There aren’t too many fruits that are on the list of banned foods in the US, but ackee is one of them. However only the fresh fruit is banned, as while the canned version was illegal for many years it has since been permitted.
So, let’s explore this tropical fruit – what is it, and why will you never find fresh ackee for sale?
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What is ackee fruit?
Ackee fruit is a tropical food that originated in west Africa, but has since migrated to Jamaica a couple of hundred years ago and become extremely popular there.
It is similar to tomatoes and peppers in that it is technically a fruit (because it grows with seeds) but it is more commonly used as a vegetable, traditionally cooked with the national dish of Jamaica including salt fish like cod.
The fruit grows on the blighia sapida tree and is a member of the sapindaceae soapberry family with the lychee and longan. It looks like a bell pepper, except that when the fruit is ripened it begins to open up naturally, exposing the flesh and seeds within.
There are two main types of ackee fruit grown. Cheese ackee is more of a pale yellow, and is the more robust fruit that is generally sold in the US. The alternative is butter ackee, which is a darker yellow and has a more delicate texture.
Ackee fruit is banned for sale in the US as a fresh fruit, due to the toxicity of the unripe flesh and the seeds. Some canned products are sold under heavy regulation from the FDA. When sold in a can it is typically cooked and then brined.
What is ackee fruit used for?
Ackee is extremely popular in the Caribbean and has a number of uses:
- Ackee and saltfish is the national dish of Jamaica, with the fruit acting as a healthy and delicate partner for the heavily seasoned seafood
- Ackee is often used in other stir fry dishes due to its vibrant yellow color and rich nutrient content
- Ackee’s smooth texture lends itself well to soups, and can be mixed with tomato for a rich and creamy, hearty soup, especially suitable for vegans if prepared with coconut milk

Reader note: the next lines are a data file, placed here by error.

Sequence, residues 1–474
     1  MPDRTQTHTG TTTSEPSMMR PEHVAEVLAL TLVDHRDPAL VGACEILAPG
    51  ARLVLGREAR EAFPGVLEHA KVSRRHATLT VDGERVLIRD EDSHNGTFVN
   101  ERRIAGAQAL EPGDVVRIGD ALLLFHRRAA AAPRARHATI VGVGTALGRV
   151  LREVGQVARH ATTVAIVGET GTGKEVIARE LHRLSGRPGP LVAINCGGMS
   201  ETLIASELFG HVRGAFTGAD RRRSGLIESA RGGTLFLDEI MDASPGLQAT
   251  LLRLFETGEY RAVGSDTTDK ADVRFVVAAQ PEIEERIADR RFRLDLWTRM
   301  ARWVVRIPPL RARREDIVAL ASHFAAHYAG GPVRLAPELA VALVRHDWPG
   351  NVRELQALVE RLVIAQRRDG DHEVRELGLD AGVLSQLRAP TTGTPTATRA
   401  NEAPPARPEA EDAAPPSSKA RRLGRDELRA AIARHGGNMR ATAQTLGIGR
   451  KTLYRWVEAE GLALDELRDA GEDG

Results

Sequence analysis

- Because of that buttery texture, ackee is popular with vegan bakers for desserts, and is often the basis for vegan cakes
Ackee is unusual in the sense that it is mainly used as a savory side dish in the same way a vegetable would be, but it can be used in desserts too. It has a gentle nutty flavor with just a hint of sweetness that gives it a versatility unlike many other vegetables or fruits.
Ackee Fruit Poisoning:
So then, why is ackee fruit banned if it is so delicious and popular in some parts of the world? The answer lies in its toxicity.
There are parts of the ackee fruit that are never edible, while some are only edible when ripe. Unripe ackee fruit contains a toxin called hypoglycin A, while the seeds contain hypoglycin B. Both of these substances are extremely harmful to humans. They are converted in the body to a type of acid that can inhibit the beta oxidation of fatty acids, which causes the body to burn through its stored glucose.
The result is often hypoglycemia and a condition called Jamaican Vomiting Sickness, although this is sometimes just referred to as ackee poisoning or acute ackee fruit intoxication.
If someone ingests an unsafe ackee portion, they will begin to experience abdominal pain after around 4 hours. It’s a very serious condition and can result in falling into a coma, or death via fatal encephalopathy, which is why the fruit is taken so seriously and banned in the US.
While it is a rare condition caused only by the consumption of the fruit, you might have heard of it if you were a fan of medical drama ER – it featured in an episode in season 6.
Can ackee kill you?
Yes, ackee fruit can kill you if you eat the wrong part of the fruit or don’t wait until it is ripe. If you travel to a country where ackee is served fresh, make sure to only eat the arils once the fruit has naturally opened. Canned ackee is a safer option.